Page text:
Anti-Blackness from Chinese or the Internalization of Western Racism?
NEVERTHELESS, it is interesting to hone in on the plagiarism of the ad from an earlier Italian ad. The ad varies from the Italian original in that the conclusion is reversed. In the Italian ad, a white, Italian man is thrown into the washer, after which he emerges a black man. This is framed in the ad as a positive conclusion because “Colored is better”, as a text overlay states—a pun on the name of the laundry detergent being Coloreria Italiana. Though obviously problematic in regards to the sexualization of the black man, interestingly, it is the white man who is denigrated in the Italian original, the ad suggesting emasculation and weakness on the part of the white man as compared to the muscular virility of the black man who emerges from the washer at the end of the ad.
However, in spite of the reversal in the conclusion of the Chinese ad as compared to the Italian ad, it would be that these tropes about black people that we see in the Qiaobi are imported from abroad. It is that the Qiaobi ad evidences the internalization of tropes about black people drawn from the western world by Chinese, as we see not only through that the ad is a direct copy of the Coloreria Italiana ad, but also in the simultaneous sexualization and denigration of black individuals we see in the ad. It is not merely to suggest that Chinese have cultural sentiments of “anti-blackness”, but to point to that such sentiments are drawn from western examples and then internalized.
British Pear’s Soap ad from the early 19th century
Again, it is that many Chinese in China have probably never really encountered any black individuals, given the small number of black expatriates in China. Thus, the perception by Chinese of blacks is often filtered through western media and the representations of blacks by western media becomes how Chinese understand blacks. As also mined out by the Reddit thread about the ad, there is a larger history of ads in Europe and America which feature this trope of “whitewashing”—of black individuals being washed, then transforming into white ones.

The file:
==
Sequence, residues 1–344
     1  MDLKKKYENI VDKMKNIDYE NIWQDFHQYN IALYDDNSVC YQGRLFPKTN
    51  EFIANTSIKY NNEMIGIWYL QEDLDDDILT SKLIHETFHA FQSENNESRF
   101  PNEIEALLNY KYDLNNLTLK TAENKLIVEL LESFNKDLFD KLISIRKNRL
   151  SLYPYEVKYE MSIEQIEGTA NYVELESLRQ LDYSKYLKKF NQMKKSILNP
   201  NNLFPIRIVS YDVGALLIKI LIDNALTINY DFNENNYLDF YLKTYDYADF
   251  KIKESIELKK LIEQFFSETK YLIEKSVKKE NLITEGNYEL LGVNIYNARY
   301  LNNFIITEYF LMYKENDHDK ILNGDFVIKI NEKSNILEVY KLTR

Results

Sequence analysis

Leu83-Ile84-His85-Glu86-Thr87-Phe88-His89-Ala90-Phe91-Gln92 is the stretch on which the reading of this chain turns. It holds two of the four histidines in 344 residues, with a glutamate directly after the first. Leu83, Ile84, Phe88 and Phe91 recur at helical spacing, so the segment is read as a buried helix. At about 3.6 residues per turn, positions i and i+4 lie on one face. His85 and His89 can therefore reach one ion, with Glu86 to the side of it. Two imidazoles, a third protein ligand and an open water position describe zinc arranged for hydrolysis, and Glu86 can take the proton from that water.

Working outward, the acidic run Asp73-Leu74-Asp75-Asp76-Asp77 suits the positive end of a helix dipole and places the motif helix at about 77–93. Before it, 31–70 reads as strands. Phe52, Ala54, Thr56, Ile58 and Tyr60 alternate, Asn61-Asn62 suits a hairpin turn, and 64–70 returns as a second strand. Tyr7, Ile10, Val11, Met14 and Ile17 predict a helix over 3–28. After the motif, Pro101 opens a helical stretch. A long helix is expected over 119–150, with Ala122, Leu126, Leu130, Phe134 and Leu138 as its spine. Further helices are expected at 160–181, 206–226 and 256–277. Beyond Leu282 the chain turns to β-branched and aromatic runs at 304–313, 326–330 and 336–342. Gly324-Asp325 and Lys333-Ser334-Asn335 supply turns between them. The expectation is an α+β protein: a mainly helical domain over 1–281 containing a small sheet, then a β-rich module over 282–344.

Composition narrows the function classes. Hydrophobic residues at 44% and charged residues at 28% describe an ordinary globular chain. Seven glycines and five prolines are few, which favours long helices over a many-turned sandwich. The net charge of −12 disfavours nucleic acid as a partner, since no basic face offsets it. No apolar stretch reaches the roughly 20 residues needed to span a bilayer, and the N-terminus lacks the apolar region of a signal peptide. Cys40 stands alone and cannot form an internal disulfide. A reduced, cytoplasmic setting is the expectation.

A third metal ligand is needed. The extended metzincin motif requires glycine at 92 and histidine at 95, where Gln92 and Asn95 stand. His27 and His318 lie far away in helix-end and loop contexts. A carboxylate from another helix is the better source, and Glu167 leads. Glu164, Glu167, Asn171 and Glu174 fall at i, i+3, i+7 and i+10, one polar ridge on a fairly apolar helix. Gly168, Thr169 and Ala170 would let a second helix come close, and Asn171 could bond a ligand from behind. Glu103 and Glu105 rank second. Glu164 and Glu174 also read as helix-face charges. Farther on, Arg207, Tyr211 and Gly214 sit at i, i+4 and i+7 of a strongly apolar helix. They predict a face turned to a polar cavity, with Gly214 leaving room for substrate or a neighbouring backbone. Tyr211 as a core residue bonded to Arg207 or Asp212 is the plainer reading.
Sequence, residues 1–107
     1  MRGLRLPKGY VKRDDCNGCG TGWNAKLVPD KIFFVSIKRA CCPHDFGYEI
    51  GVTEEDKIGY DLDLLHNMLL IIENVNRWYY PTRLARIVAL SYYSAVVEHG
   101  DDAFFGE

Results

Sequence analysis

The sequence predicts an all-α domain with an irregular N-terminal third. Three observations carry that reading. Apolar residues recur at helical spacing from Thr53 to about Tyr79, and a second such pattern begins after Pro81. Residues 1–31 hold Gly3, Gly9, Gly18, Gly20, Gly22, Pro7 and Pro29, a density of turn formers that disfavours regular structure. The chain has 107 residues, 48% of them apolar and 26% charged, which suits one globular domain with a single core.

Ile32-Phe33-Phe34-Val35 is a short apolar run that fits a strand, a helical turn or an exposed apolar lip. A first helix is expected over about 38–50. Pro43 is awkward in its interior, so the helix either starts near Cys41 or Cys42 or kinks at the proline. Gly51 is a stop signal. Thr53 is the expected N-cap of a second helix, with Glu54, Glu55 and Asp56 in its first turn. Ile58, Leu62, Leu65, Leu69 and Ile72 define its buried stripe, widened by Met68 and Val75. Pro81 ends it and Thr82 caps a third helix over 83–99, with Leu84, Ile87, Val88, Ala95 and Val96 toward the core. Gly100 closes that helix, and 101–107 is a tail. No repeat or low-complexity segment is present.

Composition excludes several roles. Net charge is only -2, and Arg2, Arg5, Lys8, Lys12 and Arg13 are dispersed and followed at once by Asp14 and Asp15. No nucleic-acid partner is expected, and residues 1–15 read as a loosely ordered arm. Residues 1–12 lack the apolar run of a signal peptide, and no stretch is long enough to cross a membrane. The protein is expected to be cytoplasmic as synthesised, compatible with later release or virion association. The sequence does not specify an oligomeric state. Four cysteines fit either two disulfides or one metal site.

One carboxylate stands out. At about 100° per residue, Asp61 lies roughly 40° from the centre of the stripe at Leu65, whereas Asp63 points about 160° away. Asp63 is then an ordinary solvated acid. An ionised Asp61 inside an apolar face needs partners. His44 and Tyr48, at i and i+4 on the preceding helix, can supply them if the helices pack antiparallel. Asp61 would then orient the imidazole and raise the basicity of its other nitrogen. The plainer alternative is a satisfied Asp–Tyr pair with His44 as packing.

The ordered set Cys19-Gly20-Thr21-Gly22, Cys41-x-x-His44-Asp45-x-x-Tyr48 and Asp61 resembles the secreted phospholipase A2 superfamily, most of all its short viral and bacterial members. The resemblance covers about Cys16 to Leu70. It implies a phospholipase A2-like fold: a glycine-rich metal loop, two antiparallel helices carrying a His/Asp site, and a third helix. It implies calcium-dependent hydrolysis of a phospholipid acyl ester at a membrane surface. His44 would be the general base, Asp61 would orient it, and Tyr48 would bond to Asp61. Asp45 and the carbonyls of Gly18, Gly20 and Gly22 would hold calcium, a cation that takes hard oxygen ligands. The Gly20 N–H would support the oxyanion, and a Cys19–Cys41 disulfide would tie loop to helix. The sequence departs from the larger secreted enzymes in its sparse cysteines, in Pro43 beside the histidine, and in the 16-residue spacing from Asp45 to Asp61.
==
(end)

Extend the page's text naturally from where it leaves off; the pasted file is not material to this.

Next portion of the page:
Such ads usually date from the early 19th and 20th centuries. This is where the tropes of “whitewashing” in the Qiaoi ad originates from. Another example in the Chinese-speaking world would be Darlie’s toothpaste, sold as “Black Man’s Toothpaste” (黑人牙膏) in the Chinese-speaking world and originally sold as “Darkie’s Toothpaste”. “Darlie’s” first began to be sold in Shanghai in 1933, stemming directly from western tropes about blacks in the early 20th century. There are other examples from this period, including Kang Youwei’s fantastical vision of breeding blacks out of existence and interbreeding whites and Asians to create the superior race—the internalization of western views about eugenics and racial superiority during that period in history.
Advertisement for Darlie’s toothpaste. Darlie packaging has since been changed, but is still sold under the name “Black Man’s Toothpaste.” Photo credit: Weibo
So, then, do we have to understand the Qiaobi ad as going back to racial discourse that dates back almost a century regarding how Chinese absorb racist western stereotypes about black people. And so, in many cases, the attitudes of “anti-blackness” we see in the present may actually be the internalization of white attitudes towards blacks by Asians—a phenomenon which goes back over one hundred years.